Many of the best-known MMA fighters made their bones elsewhere.

Dan Henderson and Henry Cejudo were Olympic wrestlers before transitioning to MMA. Daniel Cormier tried out for the U.S. Olympic wrestling team, too, and came away as a two-time Olympian. Ronda Rousey was an Olympic bronze medalist in judo. There are also fighters who competed in boxing before switching to MMA.

One of Resurrection Fighting Alliance’s newest fighters, LeMarcus “Freight Train” Tucker, has a different approach. His goal is to compete in boxing and MMA at the same time. He’s off to a pretty good start, too.

Tucker boasts a pro MMA record of 5-1 and a pro boxing mark of 4-1. All five of his boxing fights came in 2016. The biggest challenge?

“It was hectic training for boxing while trying to keep up with my MMA training,” Tucker told Combat Press. “I went from running two to three miles a day to running four to six miles.”

Tucker grew up playing football, basketball and competing in track, before he began training in MMA after a stint at Arkansas State University.

“I had a friend who had a[n] MMA gym and suggested I try it, and I fell in love with it,” Tucker said. “I wanted to up my game, so I started training in boxing too.

“When I first started training in MMA, I wasn’t getting any fights, so I competed in some boxing matches and I beat some top guys. I want to try and do something no one else has done by doing this at the same time.”

While competing both in both sports helps Tucker with his hand-eye coordination, cardio and to make sure he uses his hips with his movements, sometimes it’s easy for the two worlds to become blurred.

“When I’m at the boxing gym, I have to remember not to kick anyone in the face,” Tucker said. “I also have to remember to stay light on my lead leg, but I’m usually heavy on my lead leg because I want to have a stiff jab.”

As a dual-sport competitor, Tucker has no shortage of fighters he wants to emulate. In the sport of kings, this includes legends like Muhammad Ali, Mike Tyson and Larry Holmes, whose shoulder movement during his jabs is something Tucker studies closely. In MMA, Tucker looks up to the likes of Anderson Silva and Quinton “Rampage” Jackson.

“When it comes to combat sports, I’ll even consider doing a kickboxing match,” Tucker said. “I’m down for that, but it depends on what organization I’m in. I will continue to train in boxing, but MMA will always be my first love. My ultimate goal is to make it to the UFC, and I can still do boxing when I’m older.”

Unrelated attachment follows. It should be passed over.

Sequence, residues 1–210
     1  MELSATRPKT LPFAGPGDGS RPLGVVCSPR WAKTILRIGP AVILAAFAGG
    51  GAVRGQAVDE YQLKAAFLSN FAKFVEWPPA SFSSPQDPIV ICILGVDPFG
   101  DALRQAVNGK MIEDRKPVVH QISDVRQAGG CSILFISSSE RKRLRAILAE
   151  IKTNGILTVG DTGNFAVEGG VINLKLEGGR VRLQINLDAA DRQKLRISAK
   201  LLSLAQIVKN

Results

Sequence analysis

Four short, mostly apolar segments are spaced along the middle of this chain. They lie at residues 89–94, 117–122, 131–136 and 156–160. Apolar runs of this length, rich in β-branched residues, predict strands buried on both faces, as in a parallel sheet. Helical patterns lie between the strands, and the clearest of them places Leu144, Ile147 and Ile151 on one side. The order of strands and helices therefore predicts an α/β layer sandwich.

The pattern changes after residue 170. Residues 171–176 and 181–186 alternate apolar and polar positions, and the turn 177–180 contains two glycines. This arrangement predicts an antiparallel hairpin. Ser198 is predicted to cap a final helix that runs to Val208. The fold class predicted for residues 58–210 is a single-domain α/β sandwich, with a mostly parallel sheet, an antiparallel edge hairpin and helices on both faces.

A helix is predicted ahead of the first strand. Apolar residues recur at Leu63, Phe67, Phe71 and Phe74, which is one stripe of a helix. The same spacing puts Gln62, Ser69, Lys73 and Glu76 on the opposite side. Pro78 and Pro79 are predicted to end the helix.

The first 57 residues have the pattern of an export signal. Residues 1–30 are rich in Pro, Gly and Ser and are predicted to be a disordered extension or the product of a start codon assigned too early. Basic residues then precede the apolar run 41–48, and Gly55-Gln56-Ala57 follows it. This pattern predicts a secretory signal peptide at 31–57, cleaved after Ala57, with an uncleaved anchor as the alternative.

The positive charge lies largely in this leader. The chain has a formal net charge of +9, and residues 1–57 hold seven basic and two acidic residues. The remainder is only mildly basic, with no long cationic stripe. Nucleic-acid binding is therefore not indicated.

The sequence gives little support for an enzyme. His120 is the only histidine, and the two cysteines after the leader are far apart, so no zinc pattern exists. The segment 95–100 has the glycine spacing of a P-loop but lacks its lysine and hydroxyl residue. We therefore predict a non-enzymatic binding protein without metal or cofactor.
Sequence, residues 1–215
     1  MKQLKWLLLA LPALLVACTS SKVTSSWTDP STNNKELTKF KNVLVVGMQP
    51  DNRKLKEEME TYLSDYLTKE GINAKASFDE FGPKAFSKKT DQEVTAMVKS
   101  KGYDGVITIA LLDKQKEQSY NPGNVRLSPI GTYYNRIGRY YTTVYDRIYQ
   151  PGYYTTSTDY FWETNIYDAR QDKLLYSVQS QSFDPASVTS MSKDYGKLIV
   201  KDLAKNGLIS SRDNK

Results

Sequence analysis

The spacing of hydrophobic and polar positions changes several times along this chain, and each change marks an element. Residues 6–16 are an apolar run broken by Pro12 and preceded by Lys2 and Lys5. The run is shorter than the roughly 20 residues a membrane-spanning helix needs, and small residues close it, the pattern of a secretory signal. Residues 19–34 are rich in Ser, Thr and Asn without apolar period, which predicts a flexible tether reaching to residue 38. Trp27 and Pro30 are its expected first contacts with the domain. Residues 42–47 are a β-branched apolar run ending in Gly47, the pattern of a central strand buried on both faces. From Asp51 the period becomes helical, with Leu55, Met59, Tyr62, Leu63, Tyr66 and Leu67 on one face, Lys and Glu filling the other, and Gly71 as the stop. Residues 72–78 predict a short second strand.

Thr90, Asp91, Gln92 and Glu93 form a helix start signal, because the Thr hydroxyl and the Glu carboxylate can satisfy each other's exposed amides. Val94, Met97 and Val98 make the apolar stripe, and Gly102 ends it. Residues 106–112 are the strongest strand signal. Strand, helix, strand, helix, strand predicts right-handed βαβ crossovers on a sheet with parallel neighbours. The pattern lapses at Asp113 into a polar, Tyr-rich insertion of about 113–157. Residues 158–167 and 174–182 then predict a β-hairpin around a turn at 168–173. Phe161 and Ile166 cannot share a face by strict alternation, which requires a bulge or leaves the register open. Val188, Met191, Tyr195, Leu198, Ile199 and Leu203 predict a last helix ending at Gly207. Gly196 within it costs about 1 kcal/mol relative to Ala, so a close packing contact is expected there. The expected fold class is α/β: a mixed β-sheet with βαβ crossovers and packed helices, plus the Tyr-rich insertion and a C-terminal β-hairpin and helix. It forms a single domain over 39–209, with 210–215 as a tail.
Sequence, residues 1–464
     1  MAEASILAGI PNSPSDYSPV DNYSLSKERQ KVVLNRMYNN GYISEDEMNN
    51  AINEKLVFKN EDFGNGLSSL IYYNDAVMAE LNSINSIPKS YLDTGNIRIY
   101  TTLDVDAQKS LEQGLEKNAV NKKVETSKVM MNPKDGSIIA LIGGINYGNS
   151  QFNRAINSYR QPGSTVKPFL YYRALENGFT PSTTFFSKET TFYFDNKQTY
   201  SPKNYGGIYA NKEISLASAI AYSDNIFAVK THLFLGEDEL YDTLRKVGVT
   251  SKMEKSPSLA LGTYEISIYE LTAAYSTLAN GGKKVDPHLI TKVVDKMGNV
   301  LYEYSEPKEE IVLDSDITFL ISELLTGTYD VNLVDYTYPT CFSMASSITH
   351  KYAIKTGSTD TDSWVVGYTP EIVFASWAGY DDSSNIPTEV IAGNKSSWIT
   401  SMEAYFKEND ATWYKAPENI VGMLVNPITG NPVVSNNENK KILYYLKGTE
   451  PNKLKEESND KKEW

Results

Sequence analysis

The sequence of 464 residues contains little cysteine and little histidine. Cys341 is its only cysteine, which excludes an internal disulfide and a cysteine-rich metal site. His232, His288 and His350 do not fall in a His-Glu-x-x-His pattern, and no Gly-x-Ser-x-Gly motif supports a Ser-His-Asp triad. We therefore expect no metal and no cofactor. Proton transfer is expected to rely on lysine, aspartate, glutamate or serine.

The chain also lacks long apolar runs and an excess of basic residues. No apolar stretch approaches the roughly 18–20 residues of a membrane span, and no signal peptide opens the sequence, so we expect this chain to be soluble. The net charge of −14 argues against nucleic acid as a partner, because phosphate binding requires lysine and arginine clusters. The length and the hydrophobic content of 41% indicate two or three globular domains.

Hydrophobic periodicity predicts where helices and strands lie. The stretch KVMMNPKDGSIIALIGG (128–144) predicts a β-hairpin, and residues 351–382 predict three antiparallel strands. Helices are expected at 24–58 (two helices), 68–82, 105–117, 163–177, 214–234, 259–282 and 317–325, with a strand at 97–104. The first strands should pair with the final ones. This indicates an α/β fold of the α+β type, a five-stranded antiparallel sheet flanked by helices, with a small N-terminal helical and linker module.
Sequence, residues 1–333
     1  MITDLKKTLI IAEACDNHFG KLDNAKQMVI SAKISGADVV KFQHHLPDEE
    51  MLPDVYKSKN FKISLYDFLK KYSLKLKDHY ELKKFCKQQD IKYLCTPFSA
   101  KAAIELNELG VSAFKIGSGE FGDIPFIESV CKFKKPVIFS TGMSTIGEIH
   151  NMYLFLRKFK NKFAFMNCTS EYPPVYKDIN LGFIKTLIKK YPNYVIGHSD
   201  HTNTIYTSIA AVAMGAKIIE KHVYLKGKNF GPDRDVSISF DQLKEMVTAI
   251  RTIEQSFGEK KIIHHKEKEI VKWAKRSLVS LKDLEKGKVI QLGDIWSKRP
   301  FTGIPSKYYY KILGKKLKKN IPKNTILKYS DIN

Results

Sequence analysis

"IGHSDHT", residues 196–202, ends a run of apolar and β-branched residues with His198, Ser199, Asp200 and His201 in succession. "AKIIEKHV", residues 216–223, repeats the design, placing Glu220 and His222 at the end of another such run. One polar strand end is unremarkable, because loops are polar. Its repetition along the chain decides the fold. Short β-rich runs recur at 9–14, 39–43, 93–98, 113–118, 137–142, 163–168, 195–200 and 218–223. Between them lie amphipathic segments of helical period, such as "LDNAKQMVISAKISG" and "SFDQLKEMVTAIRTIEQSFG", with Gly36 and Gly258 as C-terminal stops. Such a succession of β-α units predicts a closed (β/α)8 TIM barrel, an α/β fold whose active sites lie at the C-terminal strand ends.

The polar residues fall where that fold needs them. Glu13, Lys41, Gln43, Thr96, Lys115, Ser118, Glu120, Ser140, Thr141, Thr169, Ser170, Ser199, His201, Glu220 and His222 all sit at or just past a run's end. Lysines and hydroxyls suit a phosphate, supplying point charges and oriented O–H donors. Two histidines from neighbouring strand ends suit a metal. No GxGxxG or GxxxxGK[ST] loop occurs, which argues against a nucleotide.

Tucker trains with other fighters who are well known on the regional circuit, including the RFA’s Justin Frazier and Legacy FC’s Dave Burrow. It was through his teammates that Tucker learned about the RFA. He will have his first fight in the organization on Friday, Dec. 9, against Jordan Johnson for the vacant RFA light heavyweight title.

“Down south, people don’t know us that well, so we have to showcase our talent whenever we can,” Tucker said. “A couple of my teammates fought for RFA, and they said it was the best experience they ever had — just with the love and respect they have for fighters.”

Tucker added that “it means the world” to receive a title shot in his very first fight for the RFA. He’s “humbled and grateful for the opportunity.”

“I’m just going to let my hands go and enjoy myself,” Tucker said. He described Johnson as a “good wrestler,” before adding that he “is going to make him work.”

“If he takes me to the mat, I’m not going to worry about it,” Tucker said. “I’m just going to relax, stay calm and work to get back to my feet.”

LeMarcus would like to thank God, his parents, his wife and children, and his sponsors. Follow Tucker on Twitter: @mmafreighttrain

About The Author

Chris Huntemann
Staff Writer

Chris has written about mixed martial arts since 2010. He maintains his own MMA blog, MMA Maryland, that focuses exclusively on the sport's presence in that state. He also contributes to MMA Wreckage and has written for other blogs, including Cage Potato and Cage-Fights.com.

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